Any answers

The Pig That Wants To Be Eaten: and ninety-nine other thought experiments

Julian Baggini <em>Grant

This book is like the Sudoku of moral philosophy: apply your mind to any of its "thought experiments" while stuck on the Tube, and quickly be transported out of rush-hour hell. It certainly beats leaning over your neighbour's shoulder trying to figure out whether that box should contain a six or an eight.

Unlike Sudoku, however, Baggini's thought experiments - which take the form of problems set for the reader, followed by suggestions for how to approach them - are not logic puzzles with "solutions". Baggini admits from the outset that there may be no answers - yet this should not deter us from tackling the questions as rigorously as possible.

And do not be fooled by the disarming title, porcine cover illustration and two-page chapters; rigorous this is. Tempting as it may be to disparage a book simply because it administers ethical philosophy in bite-sized chunks, it would be a mistake to be too precious about this ancient area of thought. Baggini's project has long been to popularise philosophy without trivialising it - and here, as in previous works, he negotiates the potential pitfalls well.

These thought experiments may be an-chored in mainstream culture (he uses Minority Report to illustrate the morality of pre-emptive justice; Nietzsche's idea of eternal recurrence is discussed through Groundhog Day), but Baggini does not allow such allusions to detract from the seriousness of the matters at hand. In-deed, the contemporary references prove invaluable, for two reasons. First, they make the issues at stake recognisable (or at least imaginable) to us all. Second, they confirm that the discipline of ethics continues to thrive not because new problems are constantly appearing, but because the same cluster of fundamental questions that has plagued us since Plato continues to do so in one form or another. Refracting an age-old ethical conundrum through the prism of, say, taking advantage of your neighbour's wifi connection is a way of reminding us that moral philosophy, far from being the preserve of old men in dusty rooms, is something that bears on every decision we make.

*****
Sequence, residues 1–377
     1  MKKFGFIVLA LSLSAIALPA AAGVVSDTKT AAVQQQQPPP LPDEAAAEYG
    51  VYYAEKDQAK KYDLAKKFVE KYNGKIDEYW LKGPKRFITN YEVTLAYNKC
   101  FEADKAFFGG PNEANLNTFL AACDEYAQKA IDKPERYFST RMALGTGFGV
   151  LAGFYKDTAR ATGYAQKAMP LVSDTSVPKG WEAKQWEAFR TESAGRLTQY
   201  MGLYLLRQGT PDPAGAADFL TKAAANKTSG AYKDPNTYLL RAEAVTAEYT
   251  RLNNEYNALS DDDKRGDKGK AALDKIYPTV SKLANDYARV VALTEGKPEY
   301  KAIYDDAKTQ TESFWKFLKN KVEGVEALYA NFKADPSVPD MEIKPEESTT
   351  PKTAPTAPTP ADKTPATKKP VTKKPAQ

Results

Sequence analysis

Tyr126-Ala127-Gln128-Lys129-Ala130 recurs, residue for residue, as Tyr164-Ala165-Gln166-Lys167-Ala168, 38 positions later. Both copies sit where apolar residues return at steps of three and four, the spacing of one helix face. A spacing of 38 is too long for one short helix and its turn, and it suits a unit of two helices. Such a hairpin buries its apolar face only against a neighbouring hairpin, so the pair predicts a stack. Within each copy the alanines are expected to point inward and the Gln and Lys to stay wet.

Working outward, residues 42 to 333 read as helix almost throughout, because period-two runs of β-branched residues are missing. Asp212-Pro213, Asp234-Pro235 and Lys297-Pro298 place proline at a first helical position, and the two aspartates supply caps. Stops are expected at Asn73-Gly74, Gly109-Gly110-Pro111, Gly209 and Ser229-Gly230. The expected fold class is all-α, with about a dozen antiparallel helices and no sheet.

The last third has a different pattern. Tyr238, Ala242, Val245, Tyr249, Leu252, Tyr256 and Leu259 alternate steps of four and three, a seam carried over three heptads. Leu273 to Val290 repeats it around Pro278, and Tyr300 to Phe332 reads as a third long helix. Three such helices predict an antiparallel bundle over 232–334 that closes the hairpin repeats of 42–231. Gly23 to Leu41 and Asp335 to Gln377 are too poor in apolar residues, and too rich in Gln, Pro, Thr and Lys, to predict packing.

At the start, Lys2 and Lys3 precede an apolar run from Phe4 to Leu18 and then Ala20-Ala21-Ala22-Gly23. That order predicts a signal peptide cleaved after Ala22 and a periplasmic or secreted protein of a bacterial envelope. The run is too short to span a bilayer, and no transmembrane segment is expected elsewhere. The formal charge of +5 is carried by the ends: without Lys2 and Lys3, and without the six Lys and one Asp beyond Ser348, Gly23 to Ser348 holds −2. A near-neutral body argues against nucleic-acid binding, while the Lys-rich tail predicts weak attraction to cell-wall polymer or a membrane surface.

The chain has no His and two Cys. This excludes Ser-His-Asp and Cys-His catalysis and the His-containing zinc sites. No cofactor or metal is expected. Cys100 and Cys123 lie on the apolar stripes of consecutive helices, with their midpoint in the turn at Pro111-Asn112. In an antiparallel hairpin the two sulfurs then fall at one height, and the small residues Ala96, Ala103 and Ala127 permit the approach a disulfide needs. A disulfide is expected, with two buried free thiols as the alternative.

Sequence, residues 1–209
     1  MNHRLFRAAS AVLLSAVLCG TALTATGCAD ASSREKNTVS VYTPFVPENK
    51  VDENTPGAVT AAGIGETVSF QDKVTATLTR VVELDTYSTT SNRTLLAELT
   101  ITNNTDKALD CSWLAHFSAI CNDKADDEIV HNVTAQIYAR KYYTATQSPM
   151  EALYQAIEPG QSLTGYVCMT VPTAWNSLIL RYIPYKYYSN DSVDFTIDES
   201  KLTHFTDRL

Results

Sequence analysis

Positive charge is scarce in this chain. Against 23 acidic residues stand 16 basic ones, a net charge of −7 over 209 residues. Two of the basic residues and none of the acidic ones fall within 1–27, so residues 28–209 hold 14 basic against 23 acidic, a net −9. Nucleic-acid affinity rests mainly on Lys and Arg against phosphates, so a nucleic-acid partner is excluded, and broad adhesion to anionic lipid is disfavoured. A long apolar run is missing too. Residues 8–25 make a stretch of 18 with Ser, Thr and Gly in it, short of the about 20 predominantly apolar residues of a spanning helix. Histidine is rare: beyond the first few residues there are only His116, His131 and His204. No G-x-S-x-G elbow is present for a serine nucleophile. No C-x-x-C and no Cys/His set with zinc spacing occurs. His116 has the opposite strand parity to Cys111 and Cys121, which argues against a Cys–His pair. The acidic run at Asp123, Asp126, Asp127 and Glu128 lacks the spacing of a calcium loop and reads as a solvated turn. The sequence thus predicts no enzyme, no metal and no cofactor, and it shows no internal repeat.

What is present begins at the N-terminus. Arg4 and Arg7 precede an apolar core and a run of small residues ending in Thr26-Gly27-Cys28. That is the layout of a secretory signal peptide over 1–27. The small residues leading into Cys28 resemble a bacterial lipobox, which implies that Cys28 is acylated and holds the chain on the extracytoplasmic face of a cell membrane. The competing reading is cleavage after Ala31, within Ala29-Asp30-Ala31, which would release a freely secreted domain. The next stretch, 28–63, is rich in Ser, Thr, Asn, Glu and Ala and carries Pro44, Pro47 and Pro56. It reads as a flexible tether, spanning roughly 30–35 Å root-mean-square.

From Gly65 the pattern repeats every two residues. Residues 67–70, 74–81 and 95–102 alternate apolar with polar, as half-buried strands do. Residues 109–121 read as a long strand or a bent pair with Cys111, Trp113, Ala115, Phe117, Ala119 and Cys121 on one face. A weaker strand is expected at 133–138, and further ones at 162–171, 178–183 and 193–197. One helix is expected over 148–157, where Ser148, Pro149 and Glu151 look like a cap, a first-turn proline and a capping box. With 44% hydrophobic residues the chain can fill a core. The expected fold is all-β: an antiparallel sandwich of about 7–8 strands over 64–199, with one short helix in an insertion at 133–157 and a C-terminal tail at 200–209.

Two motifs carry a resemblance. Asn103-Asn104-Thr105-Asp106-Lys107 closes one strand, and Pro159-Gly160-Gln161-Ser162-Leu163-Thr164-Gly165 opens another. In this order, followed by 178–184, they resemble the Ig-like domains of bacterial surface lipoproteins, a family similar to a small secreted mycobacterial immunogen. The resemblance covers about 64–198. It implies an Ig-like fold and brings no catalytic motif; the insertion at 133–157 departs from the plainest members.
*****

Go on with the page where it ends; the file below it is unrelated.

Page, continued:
However, the author soon runs up against the limits of his formula. The problem-and-response format may help engage readers with short attention spans, but it requires Baggini to wrap things up with artificial speed at the end of each chapter - at which point philosophical precision is liable to dissolve into self-help cliche. Take, for instance, his conclusion to an otherwise instructive prediction about how we would behave if we lived for ever: "Perhaps we should stop thinking 'if only I had more time, and think instead, 'if only I made better use of the time I've got'."

Well, cliche or not, here's a start. Thinking about the best way to act is a good way to make use of the time we've got, and Baggini knows it. Embrace the questions, he seems to be saying, and maybe one day you will live your way into the answers. Hard to argue with that.